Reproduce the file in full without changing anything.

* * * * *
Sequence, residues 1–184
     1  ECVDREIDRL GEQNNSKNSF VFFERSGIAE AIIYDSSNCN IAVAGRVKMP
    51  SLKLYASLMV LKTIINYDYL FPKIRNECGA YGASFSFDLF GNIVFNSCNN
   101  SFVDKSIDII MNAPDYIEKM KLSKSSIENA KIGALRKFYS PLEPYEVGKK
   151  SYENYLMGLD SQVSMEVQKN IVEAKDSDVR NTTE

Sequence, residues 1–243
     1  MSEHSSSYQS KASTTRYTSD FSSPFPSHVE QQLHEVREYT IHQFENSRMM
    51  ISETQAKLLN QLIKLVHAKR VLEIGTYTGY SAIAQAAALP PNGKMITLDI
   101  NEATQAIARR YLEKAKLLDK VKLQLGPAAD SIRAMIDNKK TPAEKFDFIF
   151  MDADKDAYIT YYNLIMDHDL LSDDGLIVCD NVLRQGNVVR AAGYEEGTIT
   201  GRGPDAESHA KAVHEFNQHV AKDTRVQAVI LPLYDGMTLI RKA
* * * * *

Sequence, residues 1–184
     1  ECVDREIDRL GEQNNSKNSF VFFERSGIAE AIIYDSSNCN IAVAGRVKMP
    51  SLKLYASLMV LKTIINYDYL FPKIRNECGA YGASFSFDLF GNIVFNSCNN
   101  SFVDKSIDII MNAPDYIEKM KLSKSSIENA KIGALRKFYS PLEPYEVGKK
   151  SYENYLMGLD SQVSMEVQKN IVEAKDSDVR NTTE

Sequence, residues 1–243
     1  MSEHSSSYQS KASTTRYTSD FSSPFPSHVE QQLHEVREYT IHQFENSRMM
    51  ISETQAKLLN QLIKLVHAKR VLEIGTYTGY SAIAQAAALP PNGKMITLDI
   101  NEATQAIARR YLEKAKLLDK VKLQLGPAAD SIRAMIDNKK TPAEKFDFIF
   151  MDADKDAYIT YYNLIMDHDL LSDDGLIVCD NVLRQGNVVR AAGYEEGTIT
   201  GRGPDAESHA KAVHEFNQHV AKDTRVQAVI LPLYDGMTLI RKA